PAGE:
Reading a recent article on the excellent Earthlines blog about Gerry Loose, and then finding out more about the Scottish hutting movement and specifically the Carbeth hutters community in Stirlingshire, I have come to the conclusion that I am probably something of a closet hutter at heart. The best that I can ever probably hope for though is to have my own shed one day.

It is a common enough passion – indeed, books have been written about British (predominantly male) shed culture. But, with no rear garden and a backyard too small to comfortably squeeze a shed into, the closest I currently get to fulfilling my fantasy is my city allotment where I have inherited a tumbledown structure without door or window glass that is filled with garden tools and grumpy secretive spiders. Too small and decrepit to serve as a comfortable retreat, this shed is clearly no place to linger but at least I have a plastic chair en plein air for whenever I need a rest from wrenching couch grass out of the ground. 

In northern Europe, and especially in Scandinavia and Russia where even the middle classes live in apartment blocks,  the situation is quite different. Here, many city dwellers have a wooden hut and a patch of ground to call their own – a simple rural haven where they can enjoy a little R&R and temporary respite from urban life. No nation embraces this tradition more than Russia, where a country dacha is seen not only as a place to grow vegetables but something akin to a holiday home: a base for collecting berries and mushrooms in autumn, for fishing, for sunbathing; a place for friends and family to gather around food, to drink vodka, play games and sing. A dacha is a place to spend summer weekends al fresco, a place where city children can learn about nature. In Russian society, a dacha serves a function that is a combination of allotment garden, beach hut and social club. To have a dacha is not a Walden-like solitary pursuit but, rather, something that proudly shouts out ‘community!’

I was lucky enough to visit a dacha a couple of years ago on a long, late-summer Russian journey from Pskov, close to the Estonian border, to Irkutsk near Lake Baikal in eastern Siberia. At Krasnoyarsk, 18 hours west of Irkutsk on the the Trans-Siberian railway, I had arranged to stay in the family apartment of a local tour guide and political science lecturer called Anatoliy. After picking me up at the station and meticulously showing me all the permutations of the city bus route to and from his identikit Khrushchevki apartment block (the very last stop, thankfully) he took me out to show me his country dacha that, coincidentally, was close to the railway tracks that I had just travelled along.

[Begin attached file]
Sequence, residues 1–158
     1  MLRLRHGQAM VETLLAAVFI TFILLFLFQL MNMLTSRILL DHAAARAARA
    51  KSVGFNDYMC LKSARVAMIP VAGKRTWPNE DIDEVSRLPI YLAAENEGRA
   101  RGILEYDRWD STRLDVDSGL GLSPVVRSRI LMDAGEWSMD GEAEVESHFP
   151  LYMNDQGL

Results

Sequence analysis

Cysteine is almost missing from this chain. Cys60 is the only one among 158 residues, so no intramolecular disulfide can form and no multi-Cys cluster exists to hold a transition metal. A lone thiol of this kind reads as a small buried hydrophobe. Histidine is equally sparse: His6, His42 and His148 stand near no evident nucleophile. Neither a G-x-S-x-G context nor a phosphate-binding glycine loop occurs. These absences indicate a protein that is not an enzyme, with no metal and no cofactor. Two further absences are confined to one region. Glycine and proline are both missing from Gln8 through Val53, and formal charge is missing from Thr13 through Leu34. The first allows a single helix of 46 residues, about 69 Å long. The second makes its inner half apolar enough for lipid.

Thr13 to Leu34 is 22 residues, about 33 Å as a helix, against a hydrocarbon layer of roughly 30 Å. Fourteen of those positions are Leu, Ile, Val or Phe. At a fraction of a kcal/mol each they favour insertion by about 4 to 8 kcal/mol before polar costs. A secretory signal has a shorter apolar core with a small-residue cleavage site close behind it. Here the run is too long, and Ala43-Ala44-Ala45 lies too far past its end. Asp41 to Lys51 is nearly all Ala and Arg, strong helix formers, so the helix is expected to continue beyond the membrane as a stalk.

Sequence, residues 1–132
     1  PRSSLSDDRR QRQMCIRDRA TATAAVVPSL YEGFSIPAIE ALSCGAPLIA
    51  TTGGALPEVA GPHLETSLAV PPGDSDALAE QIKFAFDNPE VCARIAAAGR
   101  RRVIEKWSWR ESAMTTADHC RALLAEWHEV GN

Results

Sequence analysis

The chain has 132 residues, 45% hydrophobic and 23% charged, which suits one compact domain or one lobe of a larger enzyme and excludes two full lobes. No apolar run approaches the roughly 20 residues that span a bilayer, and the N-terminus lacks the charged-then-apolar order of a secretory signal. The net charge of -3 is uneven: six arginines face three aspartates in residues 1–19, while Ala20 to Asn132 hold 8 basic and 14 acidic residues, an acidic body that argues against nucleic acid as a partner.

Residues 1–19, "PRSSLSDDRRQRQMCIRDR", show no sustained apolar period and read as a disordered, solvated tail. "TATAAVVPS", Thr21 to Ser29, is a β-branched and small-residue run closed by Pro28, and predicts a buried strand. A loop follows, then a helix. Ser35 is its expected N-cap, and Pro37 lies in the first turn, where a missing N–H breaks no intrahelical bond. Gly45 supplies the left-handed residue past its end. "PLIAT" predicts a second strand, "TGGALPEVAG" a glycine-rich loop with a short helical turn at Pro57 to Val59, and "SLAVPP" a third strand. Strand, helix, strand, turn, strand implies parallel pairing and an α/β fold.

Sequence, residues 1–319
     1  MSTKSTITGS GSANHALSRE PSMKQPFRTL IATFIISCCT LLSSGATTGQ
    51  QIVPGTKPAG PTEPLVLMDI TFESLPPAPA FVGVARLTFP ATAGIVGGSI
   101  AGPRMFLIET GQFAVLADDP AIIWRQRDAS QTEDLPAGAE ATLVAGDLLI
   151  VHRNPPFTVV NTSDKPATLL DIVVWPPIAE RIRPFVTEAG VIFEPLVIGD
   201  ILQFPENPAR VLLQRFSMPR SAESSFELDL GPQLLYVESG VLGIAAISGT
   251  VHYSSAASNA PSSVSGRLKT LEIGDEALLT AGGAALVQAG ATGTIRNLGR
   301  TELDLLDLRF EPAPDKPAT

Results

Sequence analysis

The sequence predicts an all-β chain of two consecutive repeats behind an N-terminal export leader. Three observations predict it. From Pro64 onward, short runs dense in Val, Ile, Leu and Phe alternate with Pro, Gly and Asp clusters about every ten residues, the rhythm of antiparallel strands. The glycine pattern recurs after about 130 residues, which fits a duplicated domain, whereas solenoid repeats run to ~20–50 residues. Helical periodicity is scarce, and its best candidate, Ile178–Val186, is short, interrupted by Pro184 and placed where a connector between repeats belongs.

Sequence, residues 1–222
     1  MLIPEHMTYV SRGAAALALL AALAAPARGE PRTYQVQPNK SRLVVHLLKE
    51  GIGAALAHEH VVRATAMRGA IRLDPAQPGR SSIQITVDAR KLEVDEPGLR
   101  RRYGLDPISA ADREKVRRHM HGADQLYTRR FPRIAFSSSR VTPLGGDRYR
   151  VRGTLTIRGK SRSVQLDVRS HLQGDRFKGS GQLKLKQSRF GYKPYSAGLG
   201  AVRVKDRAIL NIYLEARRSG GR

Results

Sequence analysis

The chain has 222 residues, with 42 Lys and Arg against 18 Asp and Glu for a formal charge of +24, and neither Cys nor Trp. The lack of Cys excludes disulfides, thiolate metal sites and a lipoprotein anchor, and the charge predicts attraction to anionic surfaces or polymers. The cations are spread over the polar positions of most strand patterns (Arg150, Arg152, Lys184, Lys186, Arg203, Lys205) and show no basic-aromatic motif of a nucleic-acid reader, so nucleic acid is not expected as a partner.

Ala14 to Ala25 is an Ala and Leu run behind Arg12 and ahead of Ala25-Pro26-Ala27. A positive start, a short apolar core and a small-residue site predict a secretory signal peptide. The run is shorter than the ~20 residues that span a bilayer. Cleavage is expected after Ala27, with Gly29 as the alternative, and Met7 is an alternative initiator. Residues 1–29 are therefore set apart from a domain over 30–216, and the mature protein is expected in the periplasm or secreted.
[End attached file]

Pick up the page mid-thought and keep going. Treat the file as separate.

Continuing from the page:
There is more to Siberia than gulags and permafrost but life is hard nonetheless. In the few months of the year when the ground is not snow-covered there are plenty of other things to contend with, notably predatory mosquitoes and nasty infective ticks everywhere in the grass. Given such limitations, I was hugely impressed by the size and vigour of Anatoliy’s cabbages and also by the efforts he took to tend them given that we had driven for more than an hour to reach the dacha. Even more  impressive was the air of autumnal tranquility that seemed to hang over the place like a healing balm. In Siberia, autumn may be just a brief golden precursor to a long dark winter but  September is the most glorious of months.

About East of Elveden

Hidden places, secret histories and unsung geography from the east of England and beyond
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6 Responses to Dacha

  1. dianajhale says:

    I have read so much about Russian dachas I would love to see one. I have a bit of a Russian obsession anyway but some females also love sheds! There are some sheds and allotments in the Lea Valley near Tottenham Hale, which have not been flattened for the Olympics, where Turkish or Cypriot families have outdoor meals on Sundays in a very European fashion. I have looked on enviously when walking along the footpath. I actually got to the top of an allotment waiting list some years ago but didn’t take it up because I thought I was moving out of London. No chance of getting one now!

  2. Thanks for your comments, Diana. It is interesting that it seems to be mostly newer, younger allotmenteers, often immigrant families, that use their allotments more like Russian dachas – outdoor meals, a place of leisure etc. All to the good of course. A shame that allotments seem to be like gold dust in London these days. Mind you, I had to wait over five years to get my plot in Norwich and the one that I did eventually get was completely overgorown and had been neglected for years.

  3. Simon Horton says:

    It’s encouraging to see allotments becoming a bit less utilitarian and more like communal, social spaces – where would these spaces be without the shed!
    Incidentally there are some great dacha sequences in ‘Death and the Penguin’ by Andrey Kurkov

  4. Pingback: Scratching the Earth | East of Elveden

  5. Alex says:

    I know Krasnoyarsk well, and some of the more remote dachas out in the Siberian wilds are magical. You know that if you nip into the forest for a pee after the evening barbecue & a few vodkas, you better not get lost….

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